According to national standards, wheat’s quality grade standard is divided into first grade to fifth grade and substandard in light of the capacity, unsound kernel, impurity content, moisture and color and odor. Details of the grade standard for wheat are shown in Table 1.
Corn’s quality grade standard is divided into first grade to fifth grade and substandard according to capacity, unsound kernel, impurity content, moisture and color and odor. The details of the grade standard for corn are shown in Table 2.
Soybean’s quality grade standard is divided into first grade to fifth grade and substandard according to capacity, unsound kernel, impurity content, moisture and color and odor. The details of the grade standard for soybean are shown in Table 3.
The rice is mainly divided into hsien rice and japonica rice. Then the hsien rice is divided into early hsien rice, late hsien rice and indica glutinous rice, the japonica rice is divided into japonica rice and round grain glutinous rice. The
Table 1. Quality standard of wheat.
(Note: The date source of Tables 1-4 is National Food and Material Reserve Bureau of China).
Table 2. Quality standard of corn.
Table 3. Quality standard of soybean.
rice’s quality grade standard is divided into first grade to fifth grade substandard according to roughness rate, whole milled rice rate, impurities, moisture, color and odor. The details of the grade standards for rice are shown in Table 4.
According to the quality grade standards of major grain varieties of grain, the data of China Grain Network and China Statistical Yearbook, the grain production
Table 4. Quality standard of rice.
quality grades from 2011 to 2017 are summarized in Table 5 (the data of 2012 and 2013 are deleted).
It can be seen from Table 5 that in the overall quality level of grain production in China, except for soybeans, the proportion of medium and above is more than 90%. The first grade quantity of wheat production increased in volatility, and the proportion of total wheat gradually increased from 37% in 2011 to 43% in 2017. The number of second-grade and third-grade wheat gradually decreased, the second grade proportion reduced from 35% in 2011 to 31% in 2017 and the proportion of third-grade wheat fell from 21% in 2011 to 16% in 2017. The proportion of fourth grade wheat fluctuated slightly around 6%. The proportion of the fifth grade reached 7% in 2015, and the other years fluctuated slightly around 2%.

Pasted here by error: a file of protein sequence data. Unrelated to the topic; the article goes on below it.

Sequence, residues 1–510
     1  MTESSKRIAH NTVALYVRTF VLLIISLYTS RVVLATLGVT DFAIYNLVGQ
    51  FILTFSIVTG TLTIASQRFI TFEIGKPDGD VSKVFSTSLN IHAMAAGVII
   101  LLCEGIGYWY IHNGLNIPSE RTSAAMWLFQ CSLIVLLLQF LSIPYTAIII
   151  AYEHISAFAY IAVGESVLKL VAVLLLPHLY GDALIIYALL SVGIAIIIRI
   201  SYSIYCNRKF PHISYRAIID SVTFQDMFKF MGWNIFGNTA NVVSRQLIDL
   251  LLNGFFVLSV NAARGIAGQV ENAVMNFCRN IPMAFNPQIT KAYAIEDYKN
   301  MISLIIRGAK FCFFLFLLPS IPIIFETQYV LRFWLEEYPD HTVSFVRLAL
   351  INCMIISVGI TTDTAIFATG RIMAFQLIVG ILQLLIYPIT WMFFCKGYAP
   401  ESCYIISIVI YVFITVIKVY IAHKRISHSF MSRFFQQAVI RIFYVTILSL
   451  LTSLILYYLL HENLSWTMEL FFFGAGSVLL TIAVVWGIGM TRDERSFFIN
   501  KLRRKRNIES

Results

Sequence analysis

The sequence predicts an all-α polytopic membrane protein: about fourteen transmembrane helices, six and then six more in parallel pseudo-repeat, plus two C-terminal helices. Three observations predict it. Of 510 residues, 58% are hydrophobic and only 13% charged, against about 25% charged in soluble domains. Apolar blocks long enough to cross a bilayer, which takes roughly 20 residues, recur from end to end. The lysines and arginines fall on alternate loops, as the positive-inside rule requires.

The quantity and proportion of first grade corn gradually increased, and the proportion increased from 45% in 2011 to 71% in 2017. The second grade corn declined in small fluctuations, from 39% in 2011 to 21.9% in 2017. The quantity and proportion of corn with a quality grade of three to five all decreased fluctuately.
The quantity of soybean with the first grade quality level increased firstly and then decreased. Among them, the proportion and quantity in 2015 reached the maximum of 26% and 3.059 million tons. The quantity of second class soybean steadily increased with small fluctuations, and the proportion of it increased from 29% in 2011 to 54.9% in 2017. The quantity and proportion of third grade and fourth grade experienced the stage of rising and decreasing. The maximum proportions of third grade and fourth grade in 2015 and 2016 were 38% and 3.8% respectively. There were substandard soybeans in 2014, 2015 and 2017, accounting for 0.4%, 3.4% and 1.1% of the total soybean production in the year.
Table 5. Production grade of major grain varieties in China (unit: Ten thousand tons).
Note: The date source of Tables 5-7 is National Food and Material Reserve Bureau of China and Chinese Grain Network.
The number of the first grade rice rised firstly and decreased later, and the proportion reaches the maximum of 45% in 2015. The rice of second grade quantity has a downward trend in small fluctuations, and its proportion has dropped from 44% in 2011 to 38% in 2017. The proportion and quantity of third grade declined with small fluctuations, the proportions of fourth grade and fifth grade fluctuated between 0.5% - 1.5% and 0.7% - 2%. The proportion of the substandard declined with small fluctuations.
3.2. Division and Analysis of Demand Quality Grade
Demand determines production, and high-quality markets enable producers to see the business opportunities and planting hopes. High-quality grain can be sold at better prices and larger sales, which can greatly increase producers’ profits. Under the urging of economic interests, producers can improve the quality of grain from all aspects in the production. Therefore, the classification of the grain demand is conducive to allowing producers to see the gap in production, promoting changes in production methods, improving the quality of grain production, and providing a theoretical basis for the government to further improve the quality of grain production.